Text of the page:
ALTON - A ban on camping in public places in Alton has been put on hold after aldermen voted to lay the item over at the Committee of the Whole meeting on Monday. After much discussion about the proposed ordinance’s impact on Alton’s unhoused population, the committee is expected to consider the item again at their next meeting on Oct. 9.

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Alton Police Chief Jarrett Ford said nobody will be arrested for camping in public, but they will be given a warning, alternative options, or - in the case of repeated noncompliance - a summons to appear in court.

“What we would do at that point, it’s not an arrest situation,” Ford said, adding they would instead receive a summons. “In that court system, it’s not designed to punish. It’s designed also to be a level where there’s options available to assist and any resources at that point in time that can be given certainly would. I’m confident in our courts as well as our Police Department - this isn’t something that’s enforcement-heavy, it’s actually a compassionate approach.”

According to the wording of the resolution, the city has determined that camping near public trails, public parks, public streets, and other public property in Alton “has a tendency to” interfere with the public’s ability to use them and the city’s ability to maintain them. It also states that conditions can become unsanitary if these public areas are not equipped with the proper facilities.

Prior to issuing a citation, Alton police officers “shall provide a verbal or written warning” to cease unlawful camping and referrals to alternative options, including but not limited to “transportation, shelter, and/or contact information to public or private agencies who may be able to provide services or support,” according to the ordinance.

If a citation is issued, Chief Ford said that individual would be issued a summons, and it would be the court’s decision how to proceed. While Chief Ford repeatedly said the court would have several resources to offer those cited under this ordinance, the actual language of the ordinance does not contain any mention of resources provided or recommended by the court.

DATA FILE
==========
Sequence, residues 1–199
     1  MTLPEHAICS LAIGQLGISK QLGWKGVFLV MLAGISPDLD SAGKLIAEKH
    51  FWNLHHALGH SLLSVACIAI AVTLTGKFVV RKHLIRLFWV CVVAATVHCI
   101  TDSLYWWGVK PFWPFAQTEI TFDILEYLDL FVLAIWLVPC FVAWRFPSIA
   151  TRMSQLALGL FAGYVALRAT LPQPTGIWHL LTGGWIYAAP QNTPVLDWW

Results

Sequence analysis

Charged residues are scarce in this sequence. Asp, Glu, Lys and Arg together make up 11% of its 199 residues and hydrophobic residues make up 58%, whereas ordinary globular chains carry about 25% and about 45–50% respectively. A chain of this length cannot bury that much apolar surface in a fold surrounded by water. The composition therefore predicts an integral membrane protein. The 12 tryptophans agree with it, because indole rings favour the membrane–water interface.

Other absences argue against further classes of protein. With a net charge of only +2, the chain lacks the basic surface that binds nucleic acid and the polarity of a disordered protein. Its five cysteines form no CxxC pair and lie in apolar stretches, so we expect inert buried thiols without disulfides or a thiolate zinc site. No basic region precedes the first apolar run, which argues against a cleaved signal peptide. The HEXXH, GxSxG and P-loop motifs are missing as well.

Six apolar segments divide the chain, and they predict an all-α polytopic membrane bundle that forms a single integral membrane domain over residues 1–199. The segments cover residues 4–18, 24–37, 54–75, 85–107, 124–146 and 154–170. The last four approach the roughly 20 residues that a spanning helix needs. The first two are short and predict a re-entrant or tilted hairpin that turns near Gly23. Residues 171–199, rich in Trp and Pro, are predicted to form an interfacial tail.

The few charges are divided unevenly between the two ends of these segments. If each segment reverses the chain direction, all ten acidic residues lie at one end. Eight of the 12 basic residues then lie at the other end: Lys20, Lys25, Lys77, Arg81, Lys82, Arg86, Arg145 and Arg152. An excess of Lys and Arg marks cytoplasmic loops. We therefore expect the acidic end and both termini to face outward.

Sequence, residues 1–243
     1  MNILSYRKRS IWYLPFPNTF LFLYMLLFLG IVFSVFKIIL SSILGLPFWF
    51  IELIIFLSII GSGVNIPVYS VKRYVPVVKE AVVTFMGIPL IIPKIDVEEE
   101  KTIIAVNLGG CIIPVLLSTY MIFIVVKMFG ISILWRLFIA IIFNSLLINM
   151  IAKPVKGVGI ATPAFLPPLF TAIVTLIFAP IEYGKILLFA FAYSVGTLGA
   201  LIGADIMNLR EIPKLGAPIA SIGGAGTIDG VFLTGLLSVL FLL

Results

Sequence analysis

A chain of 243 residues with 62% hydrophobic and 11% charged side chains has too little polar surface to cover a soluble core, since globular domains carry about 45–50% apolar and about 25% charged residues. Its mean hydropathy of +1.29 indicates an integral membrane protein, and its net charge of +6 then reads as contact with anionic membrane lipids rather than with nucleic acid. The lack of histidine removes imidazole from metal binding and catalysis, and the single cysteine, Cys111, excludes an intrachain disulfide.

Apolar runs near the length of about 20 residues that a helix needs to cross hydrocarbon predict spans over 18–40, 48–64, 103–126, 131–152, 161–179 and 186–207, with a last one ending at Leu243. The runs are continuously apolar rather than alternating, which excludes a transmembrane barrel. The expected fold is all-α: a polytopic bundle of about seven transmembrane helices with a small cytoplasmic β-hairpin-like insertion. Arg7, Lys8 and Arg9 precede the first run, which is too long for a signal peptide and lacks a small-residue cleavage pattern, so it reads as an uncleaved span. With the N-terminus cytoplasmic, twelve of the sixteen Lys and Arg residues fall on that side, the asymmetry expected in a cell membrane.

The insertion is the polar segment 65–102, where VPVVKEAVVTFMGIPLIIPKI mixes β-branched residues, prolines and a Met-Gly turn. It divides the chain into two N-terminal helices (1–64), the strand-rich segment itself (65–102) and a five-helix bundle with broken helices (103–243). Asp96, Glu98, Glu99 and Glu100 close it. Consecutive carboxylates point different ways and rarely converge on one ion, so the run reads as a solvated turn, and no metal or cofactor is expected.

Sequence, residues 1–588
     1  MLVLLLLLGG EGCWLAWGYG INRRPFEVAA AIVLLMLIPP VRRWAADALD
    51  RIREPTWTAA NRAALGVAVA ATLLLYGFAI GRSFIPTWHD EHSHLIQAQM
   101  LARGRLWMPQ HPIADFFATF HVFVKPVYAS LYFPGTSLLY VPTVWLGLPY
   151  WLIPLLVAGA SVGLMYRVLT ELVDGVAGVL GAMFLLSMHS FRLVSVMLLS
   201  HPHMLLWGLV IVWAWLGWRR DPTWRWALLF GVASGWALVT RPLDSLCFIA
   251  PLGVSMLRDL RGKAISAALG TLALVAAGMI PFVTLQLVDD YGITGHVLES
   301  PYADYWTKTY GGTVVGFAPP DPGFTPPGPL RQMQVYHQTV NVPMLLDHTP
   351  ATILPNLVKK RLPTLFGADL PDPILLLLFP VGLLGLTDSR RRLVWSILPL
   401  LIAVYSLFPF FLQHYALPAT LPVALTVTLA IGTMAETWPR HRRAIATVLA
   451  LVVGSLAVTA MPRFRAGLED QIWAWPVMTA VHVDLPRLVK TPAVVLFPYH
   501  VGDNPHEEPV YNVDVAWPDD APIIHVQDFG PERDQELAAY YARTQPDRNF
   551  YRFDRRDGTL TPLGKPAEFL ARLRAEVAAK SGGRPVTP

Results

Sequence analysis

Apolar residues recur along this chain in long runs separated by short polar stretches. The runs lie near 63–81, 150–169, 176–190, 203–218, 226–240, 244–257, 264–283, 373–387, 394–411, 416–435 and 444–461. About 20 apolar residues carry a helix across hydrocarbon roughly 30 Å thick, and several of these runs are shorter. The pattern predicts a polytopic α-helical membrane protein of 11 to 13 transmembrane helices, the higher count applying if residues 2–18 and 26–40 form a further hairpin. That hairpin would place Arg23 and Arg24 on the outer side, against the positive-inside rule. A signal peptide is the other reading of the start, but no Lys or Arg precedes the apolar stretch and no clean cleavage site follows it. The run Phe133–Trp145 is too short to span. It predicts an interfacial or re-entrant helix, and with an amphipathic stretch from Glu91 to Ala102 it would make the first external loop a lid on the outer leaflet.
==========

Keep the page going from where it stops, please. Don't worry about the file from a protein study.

According to the “Penalties” section of the ordinance, a violation is punishable by a fine of $75-$750. Each subsequent violation within 30 days is punishable by a fine of $500-$750. Each day a violation occurs continuously “shall constitute a separate offense and may be punished separately.”

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According to the ordinance, 100% of these fines will be donated to “an Alton based organization that assists with the needs of homeless subjects in the City of Alton as determined by the Chief of Police.” The court may also use community service as a form of deterrence if deemed suitable.

Alderman Nate Keener attempted to amend the ordinance by adding the line: “If the officer determines there is no Available Overnight Shelter, the officer shall not issue a citation.” He said he didn’t want to see the city’s unhoused population get tickets for not using services that are unavailable.

“We’ve got a policy that says we’re going to give a homeless person a ticket for camping on public property, even if there are no homeless shelter beds available or services for them to avail themselves,” Keener said.

Alderman Raymond Strebel said Keener was interpreting the ordinance differently than him, and suggested Keener had a “suspicion of the police department.”

“I feel like you have a suspicion of the police department, and I don’t have that suspicion,” Strebel said. “I don’t think they’re coming in to cite, to take property, I just don’t agree with that.”

As written, the ordinance would also prohibit storing personal property on public property. It allows police officers to confiscate personal property without warning, whether or not an individual is cited with violating the ordinance, if an area is determined an “unauthorized encampment” and if that personal property is stored on public property, “creates a legitimate health and safety concern,” or “creates an immediate and substantial danger to the environment.” Confiscated materials deemed unsanitary or a danger to public health may be immediately disposed of, while other confiscated items may not be disposed of without the property owner’s consent.

Ultimately, aldermen voted to lay over the item to their next meeting to give them more time to gather the various stakeholders involved for further input. Alderwoman Stephanie Elliott was absent from the meeting.

A full recording of the Sept. 25 Committee of the Whole meeting is available at the top of this story, on the Facebook page, or on

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